Monday, July 24, 2017

BOOK REVIEW + GIVEAWAY: Surgeon's Story by Mark Oristano (Nonfiction)


Greetings Friends!

Today, I am participating in a blog tour stop for the medical nonfiction book Surgeon's Story by Mark Oristano.

Surgeon's Story

Rating:


Genre:  Nonfiction
Release Date:  2017


Synopsis:

What is it like to hold the beating heart of a two-day old child in your hand?  What is it like to counsel distraught parents as they make some of the most difficult decisions of their lives?
Noted pediatric heart surgeon Dr. Kristine Guleserian has opened up her OR, and her career, to author Mark Oristano to create Surgeon’s Story
Dr. Guleserian’s life, training and work are discussed in detail, framed around the incredibly dramatic story of a heart transplant operation for a two-year old girl whose own heart was rapidly dying.  Author Mark Oristano takes readers inside the operating room to get a first-hand look at pediatric heart surgeries most doctors in America would never attempt.
That’s because Dr. Guleserian is recognized as one of the top pediatric heart surgeons in America, one of a very few who have performed a transplant on a one-week old baby. Dr. Guleserian (Goo-liss-AIR-ee-yan) provided her expertise, and Oristano furnished his writing skills.
Readers will find all the drama, intensity, humor and compassion that they enjoy in their favorite fictionalized medical TV drama, but the actual accounts in Surgeon’s Story are even more compelling. One of the key characters in the book is 2-year-old Rylynn who was born with an often fatal disorder called Hypoplastic Left Heart Syndrome and was successfully treated by Dr. Guleserian.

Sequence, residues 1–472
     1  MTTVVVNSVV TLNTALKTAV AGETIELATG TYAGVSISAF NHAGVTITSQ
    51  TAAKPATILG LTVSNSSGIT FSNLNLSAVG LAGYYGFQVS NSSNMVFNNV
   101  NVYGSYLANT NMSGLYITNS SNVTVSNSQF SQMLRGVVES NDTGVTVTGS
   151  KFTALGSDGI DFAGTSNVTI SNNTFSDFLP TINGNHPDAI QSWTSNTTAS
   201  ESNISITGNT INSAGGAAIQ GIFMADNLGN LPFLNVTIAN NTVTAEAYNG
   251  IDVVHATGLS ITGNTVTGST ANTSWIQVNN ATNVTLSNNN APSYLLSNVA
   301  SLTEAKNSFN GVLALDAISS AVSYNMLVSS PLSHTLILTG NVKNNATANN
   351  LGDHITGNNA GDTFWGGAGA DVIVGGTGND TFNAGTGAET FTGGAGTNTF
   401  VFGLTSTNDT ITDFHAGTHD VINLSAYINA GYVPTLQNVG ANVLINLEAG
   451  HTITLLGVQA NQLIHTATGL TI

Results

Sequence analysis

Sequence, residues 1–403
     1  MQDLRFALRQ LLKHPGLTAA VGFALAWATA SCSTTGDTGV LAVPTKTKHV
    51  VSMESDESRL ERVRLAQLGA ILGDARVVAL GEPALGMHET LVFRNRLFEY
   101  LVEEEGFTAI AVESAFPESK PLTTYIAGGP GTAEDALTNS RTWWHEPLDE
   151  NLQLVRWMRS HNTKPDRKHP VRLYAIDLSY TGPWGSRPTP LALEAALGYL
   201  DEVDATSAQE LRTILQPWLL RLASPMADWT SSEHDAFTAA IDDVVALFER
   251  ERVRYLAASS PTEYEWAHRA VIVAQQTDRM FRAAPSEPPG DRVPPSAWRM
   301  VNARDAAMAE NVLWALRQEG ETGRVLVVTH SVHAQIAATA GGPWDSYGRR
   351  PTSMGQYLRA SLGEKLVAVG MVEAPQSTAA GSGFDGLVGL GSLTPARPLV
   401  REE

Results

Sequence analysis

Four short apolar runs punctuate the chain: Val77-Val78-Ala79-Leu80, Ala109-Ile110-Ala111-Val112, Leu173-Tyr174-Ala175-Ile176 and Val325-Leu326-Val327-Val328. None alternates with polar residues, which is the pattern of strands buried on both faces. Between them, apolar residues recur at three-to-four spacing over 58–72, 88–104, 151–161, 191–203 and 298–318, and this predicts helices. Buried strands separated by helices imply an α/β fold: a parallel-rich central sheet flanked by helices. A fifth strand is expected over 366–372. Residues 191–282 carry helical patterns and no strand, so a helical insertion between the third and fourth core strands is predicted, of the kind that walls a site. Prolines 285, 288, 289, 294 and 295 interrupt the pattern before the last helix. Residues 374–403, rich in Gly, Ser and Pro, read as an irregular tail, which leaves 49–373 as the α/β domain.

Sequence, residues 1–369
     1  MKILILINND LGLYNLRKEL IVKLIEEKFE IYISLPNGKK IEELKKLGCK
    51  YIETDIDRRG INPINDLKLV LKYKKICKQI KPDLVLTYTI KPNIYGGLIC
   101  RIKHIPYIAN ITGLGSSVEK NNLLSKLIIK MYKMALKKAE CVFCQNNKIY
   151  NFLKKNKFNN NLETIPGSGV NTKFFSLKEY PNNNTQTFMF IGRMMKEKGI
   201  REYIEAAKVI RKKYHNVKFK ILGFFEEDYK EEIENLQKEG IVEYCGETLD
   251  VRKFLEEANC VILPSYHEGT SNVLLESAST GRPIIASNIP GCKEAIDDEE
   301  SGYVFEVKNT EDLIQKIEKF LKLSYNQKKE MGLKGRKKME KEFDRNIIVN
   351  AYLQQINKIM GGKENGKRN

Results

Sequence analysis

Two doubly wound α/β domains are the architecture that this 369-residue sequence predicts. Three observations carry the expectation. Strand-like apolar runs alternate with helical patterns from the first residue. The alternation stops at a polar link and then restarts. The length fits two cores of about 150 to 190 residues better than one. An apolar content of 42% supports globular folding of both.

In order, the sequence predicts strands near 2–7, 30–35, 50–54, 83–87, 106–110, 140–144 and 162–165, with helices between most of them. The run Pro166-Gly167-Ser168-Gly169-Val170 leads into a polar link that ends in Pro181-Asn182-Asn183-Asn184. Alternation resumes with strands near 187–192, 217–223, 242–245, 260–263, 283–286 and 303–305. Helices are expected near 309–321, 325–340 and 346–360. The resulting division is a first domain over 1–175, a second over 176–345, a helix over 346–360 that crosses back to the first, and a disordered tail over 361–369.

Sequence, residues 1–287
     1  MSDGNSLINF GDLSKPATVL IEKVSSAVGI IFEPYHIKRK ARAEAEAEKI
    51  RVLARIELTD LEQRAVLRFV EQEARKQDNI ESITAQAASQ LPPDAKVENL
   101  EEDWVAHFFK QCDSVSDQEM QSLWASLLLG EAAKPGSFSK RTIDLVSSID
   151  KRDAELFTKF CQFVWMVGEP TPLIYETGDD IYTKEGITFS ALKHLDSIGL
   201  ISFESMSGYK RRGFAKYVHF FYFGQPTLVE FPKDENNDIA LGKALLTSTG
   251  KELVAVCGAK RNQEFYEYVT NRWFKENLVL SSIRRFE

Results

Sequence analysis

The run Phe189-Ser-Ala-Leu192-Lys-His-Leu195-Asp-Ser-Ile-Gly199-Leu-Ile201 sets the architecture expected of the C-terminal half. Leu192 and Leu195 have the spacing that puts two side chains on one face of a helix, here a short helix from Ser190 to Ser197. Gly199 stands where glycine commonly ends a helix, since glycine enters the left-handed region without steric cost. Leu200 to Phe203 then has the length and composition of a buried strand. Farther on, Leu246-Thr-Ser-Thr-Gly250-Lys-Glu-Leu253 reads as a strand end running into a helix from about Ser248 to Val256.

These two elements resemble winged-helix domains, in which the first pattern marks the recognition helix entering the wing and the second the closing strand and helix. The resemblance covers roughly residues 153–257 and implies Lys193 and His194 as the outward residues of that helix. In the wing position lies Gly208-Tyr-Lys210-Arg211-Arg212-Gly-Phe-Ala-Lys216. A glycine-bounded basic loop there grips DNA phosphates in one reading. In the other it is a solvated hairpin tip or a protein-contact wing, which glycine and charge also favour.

You can also check out the book trailer on YouTube.



For more information or to purchase:

AMAZON


About the Author:



Mark Oristano has been a professional writer/journalist since the age of 16. After growing up in suburban New York, Mark attended Texas Christian University in Fort Worth, majoring in broadcast journalism. After his junior year he was hired as a sports reporter by WFAA-TV, the ABC affiliate in Dallas, where he worked with sports director Verne Lundquist. He also anchored in Nashville, where his co-anchor was Oprah Winfrey.  Mark broadcast NFL games for the Dallas Cowboys and Houston Oilers. His first book, A Sportscaster's Guide to Watching Football, sold out it's first run.

You can connect with him on

FACEBOOK  |  TWITTER  |  WEBSITE  


Review:

I received a copy of this book for free in exchange for an honest and thoughtful review.

I have always been fascinated by medical memoirs and was really excited to read this book about a pediatric cardiothoracic surgeon.  This is an insightful and fascinating look into the world of medicine that really makes you feel that you are scrubbed in right along with Dr. G.  The book reads quickly even with all the detailed scientific information, but is never weighed down by medical jargon.  And while I'm not personally bothered by gory medical details, for those that are, you won't find that in this book.  The spotlight is more on all of the amazing work that Dr. G is providing to the country's tiniest patients.  Not only do you receive insight into Dr. G's average day, but you get to see what the children and their parents are experiencing as well.  

I really enjoyed reading about Dr. G's decision to become a doctor as well as her experiences in medical school and the training she received to become a surgeon.  Even as someone who stands at the top of her field, she remains humble and strives to keep learning new lifesaving techniques.  She is truly an inspiration to not only those in the medical field, but for women in general as a example of an accomplished woman succeeding in a predominantly male-dominated career.  

This is a very compelling read full of human interest that will keep you riveted until the very end.  


Book Excerpt: